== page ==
Recurring cold sores develop in predictable stages and last for 1-2 weeks:

  • Stage 1: A tingling, itching, burning, or numbing sensation may occur in the spot where outbreaks usually occur. This may happen about 1-2 days before the sore appears.
  • Stage 2: One or more painful cold sores appear around the mouth.
  • Stage 3: After several days, the sores break open. This is when someone is most contagious.
  • Stage 4: A yellow or brown crust covers the sores.
  • Stage 5: The crust comes off and a scab forms. The scab eventually flakes off, though more scabs may continue to form until the sore goes away.

Risk Factors

More than 50% of American adults have been exposed to HSV-1 and are at risk of developing cold sores. Factors that increase the likelihood of cold sore outbreaks include: 

  • A compromised immune system
  • Chemotherapy treatment for cancer
  • Anti-rejection drugs for organ transplants
  • Eczema

In addition to these conditions and treatments, some other health and lifestyle factors often trigger cold sore outbreaks. This includes:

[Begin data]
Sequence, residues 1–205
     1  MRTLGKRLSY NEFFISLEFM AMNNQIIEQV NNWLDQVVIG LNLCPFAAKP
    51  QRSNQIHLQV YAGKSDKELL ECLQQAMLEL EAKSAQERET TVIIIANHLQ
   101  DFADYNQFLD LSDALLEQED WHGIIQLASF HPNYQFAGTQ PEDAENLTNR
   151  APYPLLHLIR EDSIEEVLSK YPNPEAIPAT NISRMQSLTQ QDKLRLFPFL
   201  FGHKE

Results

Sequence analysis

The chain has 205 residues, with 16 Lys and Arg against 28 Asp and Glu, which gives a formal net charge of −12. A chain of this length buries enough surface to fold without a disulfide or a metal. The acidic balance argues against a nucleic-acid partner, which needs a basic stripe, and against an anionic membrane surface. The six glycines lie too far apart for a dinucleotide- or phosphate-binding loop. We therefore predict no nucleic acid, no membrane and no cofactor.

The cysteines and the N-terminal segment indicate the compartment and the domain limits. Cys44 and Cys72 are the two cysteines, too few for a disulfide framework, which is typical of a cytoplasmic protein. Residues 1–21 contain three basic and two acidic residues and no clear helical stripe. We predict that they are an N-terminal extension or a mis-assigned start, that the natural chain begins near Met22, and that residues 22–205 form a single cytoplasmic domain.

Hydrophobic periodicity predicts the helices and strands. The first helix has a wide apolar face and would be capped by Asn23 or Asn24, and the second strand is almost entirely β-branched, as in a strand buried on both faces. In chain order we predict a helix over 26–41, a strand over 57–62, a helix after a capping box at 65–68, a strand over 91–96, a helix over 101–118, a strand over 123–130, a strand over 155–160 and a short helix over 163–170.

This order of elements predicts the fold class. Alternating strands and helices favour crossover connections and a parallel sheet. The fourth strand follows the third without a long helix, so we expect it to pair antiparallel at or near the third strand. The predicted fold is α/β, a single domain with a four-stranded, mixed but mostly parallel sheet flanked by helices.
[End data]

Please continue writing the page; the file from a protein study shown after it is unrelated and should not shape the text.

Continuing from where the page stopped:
• Sunshine exposure or sunburn
  • Stress
  • Fever
  • Colds or other viral illnesses
  • Fatigue
  • Eating foods high in the amino acid arginine (such as peanuts, grains, legumes, and some meats)
  • Hormonal changes associated with the menstrual cycle


If you have had cold sores before, you’re likely familiar with the signs of recurrence. If you have never had a cold sore, a doctor or health care professional can confirm a diagnosis by examining the sores.

You do not always need to see a healthcare provider for cold sores, even if it is your first time having them.

However, you should get medical care under the following circumstances:

  • Your symptoms are severe
  • You have underlying conditions that could make cold sores worse (such as HIV/AIDS, eczema, or cancer)
  • Your cold sores do not begin to heal after two weeks
  • You frequently get cold sores


Cold sore outbreaks typically heal on their own in 1-2 weeks without treatment.

Still, they can be uncomfortable and unsightly, so you may wish to try one of the following treatments or remedies to speed the healing process. The best time to treat a cold sore is at the first sign of symptoms.

Antiviral medications